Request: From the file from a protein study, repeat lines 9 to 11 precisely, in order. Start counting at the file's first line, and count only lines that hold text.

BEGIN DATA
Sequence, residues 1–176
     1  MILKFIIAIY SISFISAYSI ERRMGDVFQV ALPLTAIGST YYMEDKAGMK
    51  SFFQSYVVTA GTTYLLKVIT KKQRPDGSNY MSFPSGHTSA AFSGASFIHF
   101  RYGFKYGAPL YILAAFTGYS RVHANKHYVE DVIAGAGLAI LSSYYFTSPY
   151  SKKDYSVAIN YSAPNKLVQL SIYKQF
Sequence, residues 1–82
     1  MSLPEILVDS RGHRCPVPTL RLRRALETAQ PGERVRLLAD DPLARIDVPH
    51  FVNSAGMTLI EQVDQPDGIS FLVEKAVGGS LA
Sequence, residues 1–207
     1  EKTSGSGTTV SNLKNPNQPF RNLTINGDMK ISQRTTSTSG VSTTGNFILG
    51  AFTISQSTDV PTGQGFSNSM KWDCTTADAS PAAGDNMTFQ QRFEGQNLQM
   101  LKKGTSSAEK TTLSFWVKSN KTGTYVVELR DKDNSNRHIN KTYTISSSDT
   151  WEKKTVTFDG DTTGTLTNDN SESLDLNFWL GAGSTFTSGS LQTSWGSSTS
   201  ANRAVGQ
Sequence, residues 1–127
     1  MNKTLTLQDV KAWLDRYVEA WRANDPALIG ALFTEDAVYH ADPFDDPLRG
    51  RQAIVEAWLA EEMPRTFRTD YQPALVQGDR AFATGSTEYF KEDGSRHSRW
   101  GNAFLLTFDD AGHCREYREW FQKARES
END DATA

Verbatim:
Sequence, residues 1–207
     1  EKTSGSGTTV SNLKNPNQPF RNLTINGDMK ISQRTTSTSG VSTTGNFILG
    51  AFTISQSTDV PTGQGFSNSM KWDCTTADAS PAAGDNMTFQ QRFEGQNLQM